December 1967


Author Affiliations

University of California School of Medicine Department of Pathology San Francisco General Hospital San Francisco 94110

Am J Dis Child. 1967;114(6):702-703. doi:10.1001/archpedi.1967.02090270157026

To the Editor.—Our electron microscope study of meningococcemia in man gives the definitive proof that meningococcemia is associated with disseminated intravascular coagulation. The evidence is the presence of fibrin with its characteristic periodicity in the capillary beds of the adrenal, kidney, lungs, and skin.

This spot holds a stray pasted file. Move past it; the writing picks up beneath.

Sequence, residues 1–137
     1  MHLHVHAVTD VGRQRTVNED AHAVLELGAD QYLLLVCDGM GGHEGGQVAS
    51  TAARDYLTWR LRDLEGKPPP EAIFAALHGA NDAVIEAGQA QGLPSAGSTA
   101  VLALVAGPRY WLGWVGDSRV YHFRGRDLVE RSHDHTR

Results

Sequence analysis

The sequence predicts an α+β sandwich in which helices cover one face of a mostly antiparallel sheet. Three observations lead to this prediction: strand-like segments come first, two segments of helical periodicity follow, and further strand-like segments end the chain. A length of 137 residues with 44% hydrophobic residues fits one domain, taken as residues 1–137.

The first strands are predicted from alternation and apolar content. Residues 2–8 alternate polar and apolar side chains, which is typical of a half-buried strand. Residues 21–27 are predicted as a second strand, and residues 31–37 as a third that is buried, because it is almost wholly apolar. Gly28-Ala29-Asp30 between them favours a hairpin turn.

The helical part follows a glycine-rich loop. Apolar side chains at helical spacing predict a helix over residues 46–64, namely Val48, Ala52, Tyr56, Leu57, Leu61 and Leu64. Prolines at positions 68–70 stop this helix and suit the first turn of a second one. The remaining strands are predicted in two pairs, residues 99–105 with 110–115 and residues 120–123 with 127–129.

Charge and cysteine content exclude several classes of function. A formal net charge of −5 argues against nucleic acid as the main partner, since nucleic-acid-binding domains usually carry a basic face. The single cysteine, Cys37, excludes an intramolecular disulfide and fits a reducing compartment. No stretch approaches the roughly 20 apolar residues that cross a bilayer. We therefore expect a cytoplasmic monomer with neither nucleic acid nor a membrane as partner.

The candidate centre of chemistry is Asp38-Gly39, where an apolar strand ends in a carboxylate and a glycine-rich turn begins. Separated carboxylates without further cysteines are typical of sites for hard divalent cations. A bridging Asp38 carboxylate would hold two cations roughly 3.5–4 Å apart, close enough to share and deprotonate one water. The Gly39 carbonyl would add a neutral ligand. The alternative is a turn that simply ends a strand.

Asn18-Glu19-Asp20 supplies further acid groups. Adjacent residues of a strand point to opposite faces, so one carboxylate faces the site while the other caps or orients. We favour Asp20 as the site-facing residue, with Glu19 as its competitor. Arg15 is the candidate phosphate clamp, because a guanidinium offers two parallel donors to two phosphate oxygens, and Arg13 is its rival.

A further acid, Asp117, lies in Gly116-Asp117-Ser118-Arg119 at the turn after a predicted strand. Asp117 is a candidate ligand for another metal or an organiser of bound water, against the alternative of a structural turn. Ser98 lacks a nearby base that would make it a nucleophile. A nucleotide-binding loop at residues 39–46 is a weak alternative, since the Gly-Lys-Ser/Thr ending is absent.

The second purpose of the paper is to point out that some of the skin lesions are identical to the local Shwartzman reaction in the experimental animal. The evidence for this comes from the gross and microscopic appearance of these lesions. It should be noted that there are a variety of skin lesions in patients with meningococcemia. In all likelihood some of the petechial and echymotic lesions are manifestations of thrombocytopenia caused by the episode of intravascular clotting. These cannot be considered a local Shwartzman reaction. We have reference only to those lesions of the skin that exhibit hemorrhagic necrosis, thrombosis of the skin venules

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